Assignment 1: to be submitted on or before 26th Sept 2014 (Friday) by e-mail * Late-submission will be downgraded
A murky future
“For too long, Hong Kong has ignored the marine environment and the effects of continued dredging, reclamation and destructive fishing methods … and there’s also been a propensity for people to want to collect everything alive that they see in the water,” says Clarus Chu, senior conservation officer for the Worldwide Fund for Nature. A report completed in 1998 found fisheries in most areas had fallen by more than 50 percent since the late 1980s, and fish fry production had fallen by 3 times.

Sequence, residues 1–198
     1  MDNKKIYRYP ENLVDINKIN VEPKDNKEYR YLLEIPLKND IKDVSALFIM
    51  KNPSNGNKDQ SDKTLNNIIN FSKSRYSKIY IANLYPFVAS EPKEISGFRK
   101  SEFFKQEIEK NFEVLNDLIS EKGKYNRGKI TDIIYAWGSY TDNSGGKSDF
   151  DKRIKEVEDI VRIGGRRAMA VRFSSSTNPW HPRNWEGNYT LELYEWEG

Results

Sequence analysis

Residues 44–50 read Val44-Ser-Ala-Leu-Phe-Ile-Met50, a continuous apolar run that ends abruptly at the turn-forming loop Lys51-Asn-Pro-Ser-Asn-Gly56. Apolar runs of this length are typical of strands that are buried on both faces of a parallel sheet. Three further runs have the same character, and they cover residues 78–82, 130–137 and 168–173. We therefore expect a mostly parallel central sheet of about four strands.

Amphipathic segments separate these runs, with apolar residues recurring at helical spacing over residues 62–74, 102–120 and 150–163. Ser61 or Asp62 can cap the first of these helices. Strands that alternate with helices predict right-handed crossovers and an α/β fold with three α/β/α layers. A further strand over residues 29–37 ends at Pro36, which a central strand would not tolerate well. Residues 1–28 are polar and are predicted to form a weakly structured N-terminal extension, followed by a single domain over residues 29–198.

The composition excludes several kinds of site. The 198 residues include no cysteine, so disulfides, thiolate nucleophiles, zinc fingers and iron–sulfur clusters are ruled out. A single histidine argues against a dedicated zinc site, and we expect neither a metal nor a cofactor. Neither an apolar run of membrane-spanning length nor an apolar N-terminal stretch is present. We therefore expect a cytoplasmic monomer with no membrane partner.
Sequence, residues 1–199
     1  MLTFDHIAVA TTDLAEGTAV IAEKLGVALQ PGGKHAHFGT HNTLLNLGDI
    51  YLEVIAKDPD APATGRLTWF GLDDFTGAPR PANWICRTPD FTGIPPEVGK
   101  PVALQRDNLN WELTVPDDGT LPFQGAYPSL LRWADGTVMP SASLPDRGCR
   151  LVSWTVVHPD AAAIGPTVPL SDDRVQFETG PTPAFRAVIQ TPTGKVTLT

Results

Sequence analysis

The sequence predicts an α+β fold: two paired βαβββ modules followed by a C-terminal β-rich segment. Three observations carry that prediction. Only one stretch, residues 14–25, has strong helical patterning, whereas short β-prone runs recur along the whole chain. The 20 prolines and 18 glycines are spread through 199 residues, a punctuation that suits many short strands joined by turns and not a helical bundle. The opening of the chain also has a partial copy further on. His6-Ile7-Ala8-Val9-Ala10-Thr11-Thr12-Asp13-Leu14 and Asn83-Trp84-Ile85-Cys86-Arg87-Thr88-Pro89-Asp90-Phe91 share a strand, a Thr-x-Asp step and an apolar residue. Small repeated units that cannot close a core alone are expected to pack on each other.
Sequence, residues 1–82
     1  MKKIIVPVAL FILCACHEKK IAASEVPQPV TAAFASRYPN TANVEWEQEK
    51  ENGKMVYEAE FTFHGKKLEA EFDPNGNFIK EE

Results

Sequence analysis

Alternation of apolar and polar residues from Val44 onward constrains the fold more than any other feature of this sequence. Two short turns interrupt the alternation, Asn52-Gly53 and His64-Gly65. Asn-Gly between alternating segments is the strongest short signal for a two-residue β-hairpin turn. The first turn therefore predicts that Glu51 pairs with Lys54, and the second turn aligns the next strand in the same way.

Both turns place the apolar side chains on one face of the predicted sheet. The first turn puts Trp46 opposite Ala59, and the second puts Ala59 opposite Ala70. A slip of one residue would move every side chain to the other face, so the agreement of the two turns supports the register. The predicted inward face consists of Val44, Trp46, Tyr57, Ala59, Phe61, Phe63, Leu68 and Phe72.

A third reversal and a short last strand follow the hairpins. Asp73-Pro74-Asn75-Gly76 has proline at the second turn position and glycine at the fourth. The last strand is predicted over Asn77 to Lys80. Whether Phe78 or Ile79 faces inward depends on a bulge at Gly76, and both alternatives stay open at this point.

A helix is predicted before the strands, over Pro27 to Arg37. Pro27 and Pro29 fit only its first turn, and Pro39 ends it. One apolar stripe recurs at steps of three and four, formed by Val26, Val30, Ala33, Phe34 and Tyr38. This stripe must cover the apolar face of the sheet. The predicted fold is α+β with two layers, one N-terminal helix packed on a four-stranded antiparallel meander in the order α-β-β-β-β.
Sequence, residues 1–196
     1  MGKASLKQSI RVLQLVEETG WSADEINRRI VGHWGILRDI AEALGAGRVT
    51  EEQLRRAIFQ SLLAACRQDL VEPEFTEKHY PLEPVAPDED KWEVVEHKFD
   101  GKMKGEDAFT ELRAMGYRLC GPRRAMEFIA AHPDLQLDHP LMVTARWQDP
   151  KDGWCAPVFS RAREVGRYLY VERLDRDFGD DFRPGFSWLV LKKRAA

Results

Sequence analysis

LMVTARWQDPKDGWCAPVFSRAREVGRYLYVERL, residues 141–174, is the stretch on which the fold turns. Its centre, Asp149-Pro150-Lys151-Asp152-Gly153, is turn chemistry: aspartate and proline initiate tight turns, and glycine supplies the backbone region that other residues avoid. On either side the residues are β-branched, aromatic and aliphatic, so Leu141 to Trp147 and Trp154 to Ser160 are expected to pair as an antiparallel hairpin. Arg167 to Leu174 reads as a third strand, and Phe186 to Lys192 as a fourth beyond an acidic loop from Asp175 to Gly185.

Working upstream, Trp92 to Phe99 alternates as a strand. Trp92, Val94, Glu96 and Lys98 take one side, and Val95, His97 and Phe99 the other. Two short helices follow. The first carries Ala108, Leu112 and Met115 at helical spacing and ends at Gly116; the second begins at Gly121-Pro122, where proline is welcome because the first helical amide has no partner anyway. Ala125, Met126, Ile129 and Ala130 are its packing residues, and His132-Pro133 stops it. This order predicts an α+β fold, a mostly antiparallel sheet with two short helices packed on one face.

Green turtles, which nested once on Lamma Island, have not been seen there for more than one decade, and there has been an increase in invertebrate attacks on coral communities in marine parks, the result of over harvesting of predators and an imbalance in the marine ecology, Chu said.
Clusters of delicate marine organisms form coral reefs in a process that may take millions of years. The reefs are built up from the calcium carbonate, secreted by tiny animals which secrete the bone like material as an exoskeleton.
Often called the rainforests of the sea, coral reefs are some of the most diverse ecosystems on the planet. Occupying an area around the globe half the area of France, reefs are home to a quarter of all marine species. Most commonly found in tropical waters at shallow depths, corals can also grow at deeper and colder depths.
There is an intrinsic link between fish populations and coral, akin to nurseries to humans.
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